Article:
Fields of Poison: California Farmworkers and PesticidesExecutive summaryAuthorsMargaret Reeves and Kristin Schafer, Pestic...
Despite these limitations, the data collected through Californias pesticide use and pesticide illnessreporting systems rev...
primarily urban Los Angeles County issued an average of 124 fines annually. (See Appendix I for theenforcement record of a...
exposure among farmworkers. California Occupational Safety and Health Administration (CalOSHA)and the Medical Board of Cal...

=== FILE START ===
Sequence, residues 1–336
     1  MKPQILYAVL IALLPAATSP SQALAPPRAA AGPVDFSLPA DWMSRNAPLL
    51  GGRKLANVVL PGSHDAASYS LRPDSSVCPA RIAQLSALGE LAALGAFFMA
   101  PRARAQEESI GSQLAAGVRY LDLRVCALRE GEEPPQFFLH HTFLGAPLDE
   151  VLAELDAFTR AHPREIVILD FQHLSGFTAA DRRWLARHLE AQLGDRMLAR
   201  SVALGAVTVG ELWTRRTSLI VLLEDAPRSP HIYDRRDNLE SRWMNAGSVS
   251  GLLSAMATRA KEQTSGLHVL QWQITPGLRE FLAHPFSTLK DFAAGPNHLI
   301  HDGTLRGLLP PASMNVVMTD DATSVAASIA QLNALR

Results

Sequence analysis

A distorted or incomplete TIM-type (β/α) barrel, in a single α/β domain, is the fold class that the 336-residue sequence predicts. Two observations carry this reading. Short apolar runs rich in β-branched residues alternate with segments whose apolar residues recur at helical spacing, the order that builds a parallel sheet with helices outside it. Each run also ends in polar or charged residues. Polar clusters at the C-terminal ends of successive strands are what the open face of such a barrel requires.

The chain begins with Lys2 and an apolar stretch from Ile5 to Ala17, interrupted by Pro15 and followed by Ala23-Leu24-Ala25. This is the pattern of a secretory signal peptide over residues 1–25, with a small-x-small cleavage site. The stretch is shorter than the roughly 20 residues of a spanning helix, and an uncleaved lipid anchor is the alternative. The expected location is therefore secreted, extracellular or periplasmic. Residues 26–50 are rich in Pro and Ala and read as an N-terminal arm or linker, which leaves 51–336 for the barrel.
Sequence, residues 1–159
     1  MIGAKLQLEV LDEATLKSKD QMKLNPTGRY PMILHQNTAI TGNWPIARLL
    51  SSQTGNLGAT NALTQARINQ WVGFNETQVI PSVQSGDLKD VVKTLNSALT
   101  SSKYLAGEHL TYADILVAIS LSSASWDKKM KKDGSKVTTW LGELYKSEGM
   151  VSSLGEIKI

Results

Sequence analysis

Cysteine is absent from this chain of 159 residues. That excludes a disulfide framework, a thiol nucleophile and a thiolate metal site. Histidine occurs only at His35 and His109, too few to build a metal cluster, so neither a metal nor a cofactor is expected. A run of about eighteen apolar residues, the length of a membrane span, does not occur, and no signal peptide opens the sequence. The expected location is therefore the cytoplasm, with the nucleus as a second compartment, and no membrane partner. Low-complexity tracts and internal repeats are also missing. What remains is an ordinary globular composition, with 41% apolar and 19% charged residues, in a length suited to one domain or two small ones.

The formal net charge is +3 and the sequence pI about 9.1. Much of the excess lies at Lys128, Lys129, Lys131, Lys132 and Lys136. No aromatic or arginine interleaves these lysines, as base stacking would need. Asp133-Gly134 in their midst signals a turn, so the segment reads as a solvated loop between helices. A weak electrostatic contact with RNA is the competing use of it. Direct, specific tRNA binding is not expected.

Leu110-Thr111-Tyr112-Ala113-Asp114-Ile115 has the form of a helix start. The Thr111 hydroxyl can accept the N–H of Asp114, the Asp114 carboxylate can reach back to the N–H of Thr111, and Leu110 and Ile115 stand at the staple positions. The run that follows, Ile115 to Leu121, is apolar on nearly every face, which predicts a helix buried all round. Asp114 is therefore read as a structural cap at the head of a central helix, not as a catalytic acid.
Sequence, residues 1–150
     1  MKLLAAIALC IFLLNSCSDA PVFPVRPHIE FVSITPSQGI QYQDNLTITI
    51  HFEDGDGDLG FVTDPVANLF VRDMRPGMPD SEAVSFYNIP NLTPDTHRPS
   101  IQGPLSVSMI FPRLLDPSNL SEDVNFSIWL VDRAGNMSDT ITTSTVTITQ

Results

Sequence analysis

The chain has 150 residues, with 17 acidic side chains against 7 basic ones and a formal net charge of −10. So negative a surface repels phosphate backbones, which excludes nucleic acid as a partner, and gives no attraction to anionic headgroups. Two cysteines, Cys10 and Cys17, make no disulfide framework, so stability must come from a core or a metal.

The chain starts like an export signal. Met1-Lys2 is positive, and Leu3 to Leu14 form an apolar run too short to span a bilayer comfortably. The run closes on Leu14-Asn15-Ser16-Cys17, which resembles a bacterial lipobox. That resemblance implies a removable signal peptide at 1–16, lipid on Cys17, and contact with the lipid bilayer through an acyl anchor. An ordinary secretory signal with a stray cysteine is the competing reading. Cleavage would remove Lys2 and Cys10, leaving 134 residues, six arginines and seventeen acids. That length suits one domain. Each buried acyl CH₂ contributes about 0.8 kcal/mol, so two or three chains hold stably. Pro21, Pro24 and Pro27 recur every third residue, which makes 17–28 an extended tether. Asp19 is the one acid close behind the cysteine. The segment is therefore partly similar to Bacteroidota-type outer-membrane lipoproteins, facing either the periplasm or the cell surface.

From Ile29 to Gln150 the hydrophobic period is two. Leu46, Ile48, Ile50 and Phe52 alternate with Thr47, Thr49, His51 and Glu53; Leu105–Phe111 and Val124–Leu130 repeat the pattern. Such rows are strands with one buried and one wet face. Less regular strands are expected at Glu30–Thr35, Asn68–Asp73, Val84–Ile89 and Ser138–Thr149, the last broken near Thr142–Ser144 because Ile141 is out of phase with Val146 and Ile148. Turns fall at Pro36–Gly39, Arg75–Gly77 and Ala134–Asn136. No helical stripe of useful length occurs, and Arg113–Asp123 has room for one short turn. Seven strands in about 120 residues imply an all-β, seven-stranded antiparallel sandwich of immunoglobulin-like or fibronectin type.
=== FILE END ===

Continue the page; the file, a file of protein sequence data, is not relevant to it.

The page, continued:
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Fields of Poison: California Farmworkers and Pesticides


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Fields of Poison: California Farmworkers and Pesticides